Fodor's Expert Review Wat Visoun (Wat Wisunarat)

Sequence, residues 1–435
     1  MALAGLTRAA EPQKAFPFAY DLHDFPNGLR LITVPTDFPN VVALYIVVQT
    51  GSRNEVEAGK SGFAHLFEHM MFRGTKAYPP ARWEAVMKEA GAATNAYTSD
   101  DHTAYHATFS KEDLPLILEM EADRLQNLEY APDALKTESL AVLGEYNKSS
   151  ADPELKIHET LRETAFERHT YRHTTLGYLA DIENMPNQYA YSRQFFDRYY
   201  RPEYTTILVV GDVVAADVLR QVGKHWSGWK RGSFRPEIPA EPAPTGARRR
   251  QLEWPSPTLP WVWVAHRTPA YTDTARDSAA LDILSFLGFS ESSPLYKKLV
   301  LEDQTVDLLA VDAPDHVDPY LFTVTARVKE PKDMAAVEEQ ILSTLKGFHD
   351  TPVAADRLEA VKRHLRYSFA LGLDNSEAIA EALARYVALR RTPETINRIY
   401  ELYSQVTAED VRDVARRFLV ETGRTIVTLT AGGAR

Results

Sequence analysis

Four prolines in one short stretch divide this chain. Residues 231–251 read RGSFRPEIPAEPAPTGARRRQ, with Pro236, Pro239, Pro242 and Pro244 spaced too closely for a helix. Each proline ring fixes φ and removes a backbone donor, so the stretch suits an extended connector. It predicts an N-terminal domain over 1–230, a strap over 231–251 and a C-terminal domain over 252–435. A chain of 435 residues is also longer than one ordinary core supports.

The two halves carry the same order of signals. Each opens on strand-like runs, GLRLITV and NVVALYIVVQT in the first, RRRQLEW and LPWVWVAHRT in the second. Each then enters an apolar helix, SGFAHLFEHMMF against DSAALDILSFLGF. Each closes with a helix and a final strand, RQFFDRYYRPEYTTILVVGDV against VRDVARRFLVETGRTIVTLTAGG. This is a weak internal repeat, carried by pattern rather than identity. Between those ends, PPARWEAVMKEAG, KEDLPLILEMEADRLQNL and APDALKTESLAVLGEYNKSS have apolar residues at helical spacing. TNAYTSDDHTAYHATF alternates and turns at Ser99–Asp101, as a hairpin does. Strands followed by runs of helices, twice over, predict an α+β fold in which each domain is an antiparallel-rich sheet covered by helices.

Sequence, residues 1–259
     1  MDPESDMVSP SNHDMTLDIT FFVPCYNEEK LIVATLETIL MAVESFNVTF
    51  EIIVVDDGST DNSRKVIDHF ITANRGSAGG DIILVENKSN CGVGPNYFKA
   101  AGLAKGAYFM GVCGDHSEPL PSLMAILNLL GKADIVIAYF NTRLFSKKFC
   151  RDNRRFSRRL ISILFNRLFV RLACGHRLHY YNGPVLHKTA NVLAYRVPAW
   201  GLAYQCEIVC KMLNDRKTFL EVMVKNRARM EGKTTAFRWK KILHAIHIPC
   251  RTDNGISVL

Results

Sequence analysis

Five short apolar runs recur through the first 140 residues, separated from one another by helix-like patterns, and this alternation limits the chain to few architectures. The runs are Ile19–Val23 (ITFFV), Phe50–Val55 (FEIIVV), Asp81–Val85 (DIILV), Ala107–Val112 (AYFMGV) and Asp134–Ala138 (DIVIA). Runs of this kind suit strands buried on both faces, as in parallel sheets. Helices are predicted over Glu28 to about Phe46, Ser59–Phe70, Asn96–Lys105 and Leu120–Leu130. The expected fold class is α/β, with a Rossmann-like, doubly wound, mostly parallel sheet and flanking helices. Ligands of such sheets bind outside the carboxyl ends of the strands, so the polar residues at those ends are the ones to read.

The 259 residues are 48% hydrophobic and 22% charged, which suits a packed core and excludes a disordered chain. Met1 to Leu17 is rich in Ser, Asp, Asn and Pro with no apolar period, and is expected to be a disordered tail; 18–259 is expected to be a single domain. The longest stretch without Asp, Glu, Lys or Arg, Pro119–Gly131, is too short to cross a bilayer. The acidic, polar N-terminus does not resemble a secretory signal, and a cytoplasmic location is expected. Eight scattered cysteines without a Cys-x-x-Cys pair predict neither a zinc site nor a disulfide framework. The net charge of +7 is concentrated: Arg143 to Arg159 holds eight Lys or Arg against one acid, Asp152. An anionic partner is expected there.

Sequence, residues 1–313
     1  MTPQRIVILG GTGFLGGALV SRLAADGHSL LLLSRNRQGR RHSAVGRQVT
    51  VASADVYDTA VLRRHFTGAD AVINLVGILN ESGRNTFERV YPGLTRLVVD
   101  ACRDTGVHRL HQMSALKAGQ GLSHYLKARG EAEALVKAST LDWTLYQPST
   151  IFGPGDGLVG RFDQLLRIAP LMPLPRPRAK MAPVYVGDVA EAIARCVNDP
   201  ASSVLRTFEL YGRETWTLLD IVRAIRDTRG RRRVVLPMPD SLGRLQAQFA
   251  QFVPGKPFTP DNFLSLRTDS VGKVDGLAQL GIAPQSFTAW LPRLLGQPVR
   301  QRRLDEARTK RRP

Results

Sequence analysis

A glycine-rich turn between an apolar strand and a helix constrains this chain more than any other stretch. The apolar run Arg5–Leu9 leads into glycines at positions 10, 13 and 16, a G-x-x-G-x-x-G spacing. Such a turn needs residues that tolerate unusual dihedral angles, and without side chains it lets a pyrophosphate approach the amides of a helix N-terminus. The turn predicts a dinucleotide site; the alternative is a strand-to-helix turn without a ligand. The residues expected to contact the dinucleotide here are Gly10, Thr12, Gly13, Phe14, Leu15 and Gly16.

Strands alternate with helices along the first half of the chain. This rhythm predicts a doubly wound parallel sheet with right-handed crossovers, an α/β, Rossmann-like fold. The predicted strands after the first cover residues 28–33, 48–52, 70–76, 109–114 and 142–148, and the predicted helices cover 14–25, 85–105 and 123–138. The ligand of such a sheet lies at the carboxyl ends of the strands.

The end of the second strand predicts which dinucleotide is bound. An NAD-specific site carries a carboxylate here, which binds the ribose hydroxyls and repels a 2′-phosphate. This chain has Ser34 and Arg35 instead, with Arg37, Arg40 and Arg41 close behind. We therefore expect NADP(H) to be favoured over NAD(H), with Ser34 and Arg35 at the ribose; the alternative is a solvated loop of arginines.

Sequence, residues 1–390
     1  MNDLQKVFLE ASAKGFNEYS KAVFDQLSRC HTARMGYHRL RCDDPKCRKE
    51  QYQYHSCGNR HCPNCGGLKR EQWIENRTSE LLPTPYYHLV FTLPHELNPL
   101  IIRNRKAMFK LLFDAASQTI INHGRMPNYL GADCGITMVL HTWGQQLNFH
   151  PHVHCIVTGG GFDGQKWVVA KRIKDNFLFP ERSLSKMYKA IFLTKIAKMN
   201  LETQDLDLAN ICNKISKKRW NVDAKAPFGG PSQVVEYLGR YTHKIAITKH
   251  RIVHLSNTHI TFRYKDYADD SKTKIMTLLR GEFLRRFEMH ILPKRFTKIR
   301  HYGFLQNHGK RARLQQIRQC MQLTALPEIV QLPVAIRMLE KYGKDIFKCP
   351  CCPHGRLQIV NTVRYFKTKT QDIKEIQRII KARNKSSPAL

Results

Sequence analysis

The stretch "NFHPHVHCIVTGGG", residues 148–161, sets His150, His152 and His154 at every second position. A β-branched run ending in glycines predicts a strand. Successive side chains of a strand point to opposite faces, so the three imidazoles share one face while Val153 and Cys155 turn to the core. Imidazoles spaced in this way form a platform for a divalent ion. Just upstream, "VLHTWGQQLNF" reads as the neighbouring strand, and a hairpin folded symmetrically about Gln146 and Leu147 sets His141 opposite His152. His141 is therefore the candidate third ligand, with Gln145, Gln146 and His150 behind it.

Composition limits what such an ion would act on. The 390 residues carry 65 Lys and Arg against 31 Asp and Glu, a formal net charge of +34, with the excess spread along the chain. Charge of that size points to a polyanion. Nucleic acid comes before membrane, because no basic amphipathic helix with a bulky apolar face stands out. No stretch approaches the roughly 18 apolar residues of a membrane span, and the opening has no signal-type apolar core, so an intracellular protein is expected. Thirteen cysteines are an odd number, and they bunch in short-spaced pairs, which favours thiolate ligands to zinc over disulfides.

The 16th-century Wat Visoun and neighboring Wat Aham play a central role in Lao New Year celebrations, when ancestral deities, called Pou Nyeu Nya Nyeu emerge from Wat Aham and dance in the processions down Sisavangvong Rd. Wat Visoun was built in 1503, during the reign of King Visounarat, who had the temple named after himself. Within the compound is a large and unusual watermelon-shaped stupa called That Makmo (literally "Watermelon Stupa"). The 100-foot-high mound is actually a royal tomb, where many small, precious Buddha statues were found when Chinese Haw marauders destroyed the city in the late 19th century (these statues have since been moved to the Royal Palace). The temple hall was rebuilt in 1898 along the lines of the original wooden structure, and now houses an impressive collection of Buddha statues, stone inscriptions, and other Buddhist art.